Early-warning signals for Cenozoic climate transitions

Christopher Boettner, Georg Klinghammer, Niklas Boers, Thomas Westerhold, Norbert Marwan

Publikation: Beitrag in FachzeitschriftArtikelBegutachtung

10 Zitate (Scopus)


Deep-time paleoclimatic records document large-scale shifts and perturbations in Earth's climate; during the Cenozoic in particular transitions have been recorded on time scales of 10 thousand to 1 million years. Bifurcations in the leading dynamical modes could be a key element driving these events. Such bifurcation-induced critical transitions are typically preceded by characteristic early-warning signals, for example in terms of rising standard deviation and lag-one autocorrelation. These early-warning signals are generated by a widening of the underlying basin of attraction when approaching the bifurcation, a phenomenon dubbed critical slowing down. The associated dynamical transitions should therefore be preceded by characteristic signals that can be detected by statistical methods. Here, we reveal the presence of significant early-warning signals prior to several climate events within a paleoclimate record spanning the last 66 million years - the Cenozoic Era. We computed standard deviation and lag-one autocorrelation of the CENOzoic Global Reference benthic foraminifer carbon and oxygen Isotope Dataset (CENOGRID), comprising two time series of deep sea carbonate isotope variations of 18O and 13C. We find significant early-warning signals for five out of nine previously identified Cenozoic paleoclimatic events in at least one of the two records, which can be considered as viable candidates for bifurcation-induced transitions to be analysed in follow-up studies. Our results suggest that some of the major climate events of the last 66 Ma were triggered by bifurcations in leading modes of variability, indicating bifurcations could be a key component of Earth's climate system deep-time evolution.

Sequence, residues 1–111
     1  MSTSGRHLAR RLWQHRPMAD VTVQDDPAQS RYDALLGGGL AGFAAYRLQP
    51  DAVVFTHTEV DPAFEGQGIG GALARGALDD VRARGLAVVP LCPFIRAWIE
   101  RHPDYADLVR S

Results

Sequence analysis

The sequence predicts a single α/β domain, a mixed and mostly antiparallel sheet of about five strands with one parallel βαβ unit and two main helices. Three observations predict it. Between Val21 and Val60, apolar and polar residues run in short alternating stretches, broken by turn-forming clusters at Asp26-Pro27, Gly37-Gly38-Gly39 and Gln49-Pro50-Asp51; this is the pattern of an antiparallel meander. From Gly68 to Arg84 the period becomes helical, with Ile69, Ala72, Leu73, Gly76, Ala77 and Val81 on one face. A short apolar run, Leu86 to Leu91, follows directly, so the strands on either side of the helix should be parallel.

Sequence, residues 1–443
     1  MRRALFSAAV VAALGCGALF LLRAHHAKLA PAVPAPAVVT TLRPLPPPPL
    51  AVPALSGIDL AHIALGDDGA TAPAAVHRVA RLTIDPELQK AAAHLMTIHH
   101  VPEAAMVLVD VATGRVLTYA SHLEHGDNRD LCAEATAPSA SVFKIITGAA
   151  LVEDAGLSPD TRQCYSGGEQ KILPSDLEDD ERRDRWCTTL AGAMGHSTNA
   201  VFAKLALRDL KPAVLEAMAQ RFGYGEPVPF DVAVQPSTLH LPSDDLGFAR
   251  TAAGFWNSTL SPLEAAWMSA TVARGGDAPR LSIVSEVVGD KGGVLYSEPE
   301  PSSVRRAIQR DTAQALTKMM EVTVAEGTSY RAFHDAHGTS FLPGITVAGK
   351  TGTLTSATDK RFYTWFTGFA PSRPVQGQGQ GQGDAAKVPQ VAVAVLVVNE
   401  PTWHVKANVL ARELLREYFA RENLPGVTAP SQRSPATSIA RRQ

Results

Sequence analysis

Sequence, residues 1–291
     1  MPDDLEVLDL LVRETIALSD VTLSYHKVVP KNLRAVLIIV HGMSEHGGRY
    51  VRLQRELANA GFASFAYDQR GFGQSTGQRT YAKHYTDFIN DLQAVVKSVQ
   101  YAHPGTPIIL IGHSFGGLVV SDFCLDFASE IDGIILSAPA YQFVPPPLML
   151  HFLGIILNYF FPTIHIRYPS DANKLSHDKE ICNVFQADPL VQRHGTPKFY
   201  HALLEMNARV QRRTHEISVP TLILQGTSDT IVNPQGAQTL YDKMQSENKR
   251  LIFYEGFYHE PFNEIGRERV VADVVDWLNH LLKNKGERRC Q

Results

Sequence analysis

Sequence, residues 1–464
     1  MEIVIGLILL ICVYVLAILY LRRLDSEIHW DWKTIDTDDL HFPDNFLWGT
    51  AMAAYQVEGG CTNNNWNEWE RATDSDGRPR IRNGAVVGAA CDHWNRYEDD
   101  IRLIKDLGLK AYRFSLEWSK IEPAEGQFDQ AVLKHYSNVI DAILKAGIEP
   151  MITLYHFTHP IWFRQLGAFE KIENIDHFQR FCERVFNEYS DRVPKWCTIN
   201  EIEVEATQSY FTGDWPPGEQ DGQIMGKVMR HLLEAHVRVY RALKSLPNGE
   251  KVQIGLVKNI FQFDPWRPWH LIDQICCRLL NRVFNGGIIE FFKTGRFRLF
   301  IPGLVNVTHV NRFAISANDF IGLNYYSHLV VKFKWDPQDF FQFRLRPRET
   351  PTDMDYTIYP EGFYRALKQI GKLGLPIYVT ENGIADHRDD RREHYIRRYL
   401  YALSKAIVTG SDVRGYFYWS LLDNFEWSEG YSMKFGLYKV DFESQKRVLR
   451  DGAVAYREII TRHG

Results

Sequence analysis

FachzeitschriftQuaternary Science Reviews
PublikationsstatusVeröffentlicht - 15 Okt. 2021
Extern publiziertJa


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